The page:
A project which hopes to put streetcars back onto roads in downtown Los Angeles cleared a hurdle Tuesday with the Los Angeles City Council signing off on a preferred route for the line and the findings of an environmental impact study.
The council voted 13-0 to approve a 3.8-mile route that loops between the Civic Center, which includes Grand Park, and the Convention Center and the Fashion District in the South Park area.
"We've reached a very important milestone in what will be a transportation project that will link our regional transit system with destinations downtown," Councilman Jose Huizar, whose district includes downtown Los Angeles, said prior to the vote.
City officials say the project will restore a form of transportation that had been popular in downtown Los Angeles during the early half of the last century.
The streetcar was a staple in LA during the early and mid-1900s, and was at one point the largest electric railway system in the world. The streetcars were eventually pushed out by the construction of highways and bus systems throughout the city, said Shane Phillips, the project director of LA Streetcar Inc., a nonprofit working with the government on the project.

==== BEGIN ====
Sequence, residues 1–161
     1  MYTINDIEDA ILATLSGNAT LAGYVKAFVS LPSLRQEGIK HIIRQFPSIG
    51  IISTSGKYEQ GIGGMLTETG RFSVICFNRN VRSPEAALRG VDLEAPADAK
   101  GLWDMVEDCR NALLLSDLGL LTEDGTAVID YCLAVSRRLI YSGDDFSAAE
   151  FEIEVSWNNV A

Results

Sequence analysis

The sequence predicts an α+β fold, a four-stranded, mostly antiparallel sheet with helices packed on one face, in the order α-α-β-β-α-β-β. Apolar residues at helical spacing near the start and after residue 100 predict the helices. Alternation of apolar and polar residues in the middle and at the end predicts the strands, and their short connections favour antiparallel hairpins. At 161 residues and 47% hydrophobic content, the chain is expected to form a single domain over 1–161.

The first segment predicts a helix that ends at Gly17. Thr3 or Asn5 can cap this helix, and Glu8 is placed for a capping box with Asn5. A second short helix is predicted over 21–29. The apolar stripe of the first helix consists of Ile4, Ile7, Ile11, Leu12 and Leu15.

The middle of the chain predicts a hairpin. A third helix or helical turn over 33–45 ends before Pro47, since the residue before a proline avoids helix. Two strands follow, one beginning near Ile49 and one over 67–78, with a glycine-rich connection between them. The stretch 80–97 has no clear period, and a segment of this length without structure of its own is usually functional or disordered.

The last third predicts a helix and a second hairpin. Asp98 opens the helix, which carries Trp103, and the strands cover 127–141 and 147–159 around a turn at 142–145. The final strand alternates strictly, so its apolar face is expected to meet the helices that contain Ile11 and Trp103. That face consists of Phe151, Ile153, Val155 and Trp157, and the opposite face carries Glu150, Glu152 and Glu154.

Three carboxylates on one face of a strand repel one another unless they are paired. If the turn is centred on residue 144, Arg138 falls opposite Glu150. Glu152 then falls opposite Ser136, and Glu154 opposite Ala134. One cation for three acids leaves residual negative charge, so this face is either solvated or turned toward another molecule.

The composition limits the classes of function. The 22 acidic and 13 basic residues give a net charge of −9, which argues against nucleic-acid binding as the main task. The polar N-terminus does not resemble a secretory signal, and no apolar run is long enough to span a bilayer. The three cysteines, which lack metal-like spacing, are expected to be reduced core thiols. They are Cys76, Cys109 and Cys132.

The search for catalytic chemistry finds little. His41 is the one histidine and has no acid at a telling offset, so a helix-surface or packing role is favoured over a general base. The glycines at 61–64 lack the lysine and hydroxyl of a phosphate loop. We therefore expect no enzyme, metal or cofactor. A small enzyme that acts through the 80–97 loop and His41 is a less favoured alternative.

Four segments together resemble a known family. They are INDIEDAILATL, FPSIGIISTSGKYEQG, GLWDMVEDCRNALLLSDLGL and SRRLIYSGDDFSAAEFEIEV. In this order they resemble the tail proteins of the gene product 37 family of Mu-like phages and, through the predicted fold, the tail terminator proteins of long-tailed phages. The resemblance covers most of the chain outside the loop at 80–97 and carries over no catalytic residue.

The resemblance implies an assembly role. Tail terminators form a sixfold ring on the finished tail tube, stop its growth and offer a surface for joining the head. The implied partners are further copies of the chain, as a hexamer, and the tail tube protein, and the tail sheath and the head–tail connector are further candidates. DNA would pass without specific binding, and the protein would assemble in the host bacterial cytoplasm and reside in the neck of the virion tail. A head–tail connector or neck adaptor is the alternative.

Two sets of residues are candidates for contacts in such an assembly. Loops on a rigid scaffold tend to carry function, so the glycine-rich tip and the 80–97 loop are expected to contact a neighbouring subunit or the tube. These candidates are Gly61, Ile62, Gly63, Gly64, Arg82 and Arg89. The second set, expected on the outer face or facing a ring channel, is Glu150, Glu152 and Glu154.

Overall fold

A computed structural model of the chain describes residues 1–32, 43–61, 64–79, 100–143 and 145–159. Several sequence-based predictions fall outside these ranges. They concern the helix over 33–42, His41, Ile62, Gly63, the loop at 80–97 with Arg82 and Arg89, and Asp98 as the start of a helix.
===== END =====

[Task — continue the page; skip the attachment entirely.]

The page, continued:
"People drive downtown and go, 'What do I do now?' Phillips said, "They have to drive all around to find parking. We want you to be able to get around downtown without that."
The proposed route is expected to have stops near downtown sites such as the theaters and shops along Broadway, Grand Central Market and several hotels.
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City officials will next finalize the cost estimate for the project based on new information about engineering and utility relocation costs, according to council aides and public works officials.
A estimate from last year indicated the streetcar could cost about $282 million to build.
City officials say they are hoping to raise funds through partnerships with private entities, and to line up federal grants and other sources of funding to pay for the streetcar's construction and operation.
The streetcar project is expected to receive about $200 million in sales tax revenue from Measure M, which was approved by voters earlier this month, as well as funds from a prior transportation sales tax increase approved under Measure R.
Construction on the streetcar is expected to begin in 2018 and be completed in 2020, council aides said.